had built their cabins. The current leases for the cabin site properties expire in
2004, but they may be renewed for up to two consecutive five-year terms, or until
the year 2014.
It should also be noted that the lease holders do not pay property tax on the land
(since that land is owned by the BOR) but they do pay State and local property
taxes for the value of all their improvements. Additionally, BOR pays to Lewis and
Clark County a payment in lieu of taxes.
Most of the cabins on the leased sites can only be used in the summer, as they
lack insulation for colder weather. Most lessees are not inclined to make substantial
improvements due to the potential termination of their leases, including the require-
ment that the lessee must remove all improvements upon termination. However,
private land ownership should generate substantial capital improvements, thereby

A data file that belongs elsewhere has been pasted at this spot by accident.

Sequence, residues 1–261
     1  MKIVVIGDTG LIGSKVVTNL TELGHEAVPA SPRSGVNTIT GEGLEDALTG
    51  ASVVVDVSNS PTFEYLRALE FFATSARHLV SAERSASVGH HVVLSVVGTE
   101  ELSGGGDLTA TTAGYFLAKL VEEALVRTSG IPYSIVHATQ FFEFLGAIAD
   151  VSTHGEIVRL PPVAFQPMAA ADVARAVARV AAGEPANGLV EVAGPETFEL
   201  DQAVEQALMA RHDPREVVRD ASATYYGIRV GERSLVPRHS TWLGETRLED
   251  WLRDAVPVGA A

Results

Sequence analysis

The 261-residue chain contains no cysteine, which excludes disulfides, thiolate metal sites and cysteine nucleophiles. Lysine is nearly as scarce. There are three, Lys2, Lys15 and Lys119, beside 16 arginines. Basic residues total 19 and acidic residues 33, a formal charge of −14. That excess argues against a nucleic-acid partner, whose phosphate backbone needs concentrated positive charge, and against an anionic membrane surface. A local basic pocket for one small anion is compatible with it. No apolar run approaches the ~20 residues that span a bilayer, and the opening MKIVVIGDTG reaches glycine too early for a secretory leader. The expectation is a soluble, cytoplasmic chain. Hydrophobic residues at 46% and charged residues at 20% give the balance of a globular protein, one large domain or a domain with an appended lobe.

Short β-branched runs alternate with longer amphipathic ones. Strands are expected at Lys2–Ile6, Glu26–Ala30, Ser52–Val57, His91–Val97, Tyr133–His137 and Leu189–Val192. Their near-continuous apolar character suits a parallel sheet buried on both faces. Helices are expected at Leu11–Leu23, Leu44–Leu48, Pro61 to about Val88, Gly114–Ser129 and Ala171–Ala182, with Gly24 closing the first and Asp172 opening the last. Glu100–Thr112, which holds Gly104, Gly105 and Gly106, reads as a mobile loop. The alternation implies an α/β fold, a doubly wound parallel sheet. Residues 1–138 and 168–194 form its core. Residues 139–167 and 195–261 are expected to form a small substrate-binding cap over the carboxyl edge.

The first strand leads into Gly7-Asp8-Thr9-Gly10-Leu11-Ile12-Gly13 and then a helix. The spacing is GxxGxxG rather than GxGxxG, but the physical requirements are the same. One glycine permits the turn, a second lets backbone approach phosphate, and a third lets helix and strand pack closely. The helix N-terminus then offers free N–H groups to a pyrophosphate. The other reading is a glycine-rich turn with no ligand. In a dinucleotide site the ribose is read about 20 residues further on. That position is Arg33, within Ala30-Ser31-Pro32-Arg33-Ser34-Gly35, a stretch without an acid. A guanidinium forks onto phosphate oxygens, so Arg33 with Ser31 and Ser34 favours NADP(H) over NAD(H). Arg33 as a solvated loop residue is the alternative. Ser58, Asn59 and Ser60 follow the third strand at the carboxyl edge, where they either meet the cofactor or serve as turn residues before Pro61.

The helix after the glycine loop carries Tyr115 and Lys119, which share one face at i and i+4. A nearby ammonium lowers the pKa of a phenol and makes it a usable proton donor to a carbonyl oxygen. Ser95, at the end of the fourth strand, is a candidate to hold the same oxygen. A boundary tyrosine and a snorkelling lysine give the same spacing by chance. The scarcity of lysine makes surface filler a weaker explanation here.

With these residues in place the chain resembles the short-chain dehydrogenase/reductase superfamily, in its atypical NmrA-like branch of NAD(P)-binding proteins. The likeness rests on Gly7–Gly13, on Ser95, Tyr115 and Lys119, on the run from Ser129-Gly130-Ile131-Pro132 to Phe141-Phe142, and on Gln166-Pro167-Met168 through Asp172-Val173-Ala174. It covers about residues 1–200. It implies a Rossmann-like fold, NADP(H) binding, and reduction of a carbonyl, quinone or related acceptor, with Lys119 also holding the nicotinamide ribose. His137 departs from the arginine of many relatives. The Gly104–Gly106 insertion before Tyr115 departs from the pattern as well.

increasing associated property tax revenue. which is yet another public benefit.
Further, it should be noted that CFRA and its members have been working with
Lewis and Clark County in recent years to insure that waste water disposal systems
(i.e. septic tanks and/or holding tanks) are in place and in conformance with applica-
ble environmental requirements.
CFRAs dealings with BOR over the years have generally been amicable and pro-
ductive. While disputes have arisen in a few instances, much of that controversy has
been associated with the increased annual lease payments for the permits for the
265 leased properties. Some of the cabin owners have experienced as much as eight-
fold increases in their annual lease payments over the past 10 years. Such increases
have caused CFRA to dispute BOR on the valuation of the underlying properties.
Fortunately, the most recent dispute on the BORs appraisal procedure was recently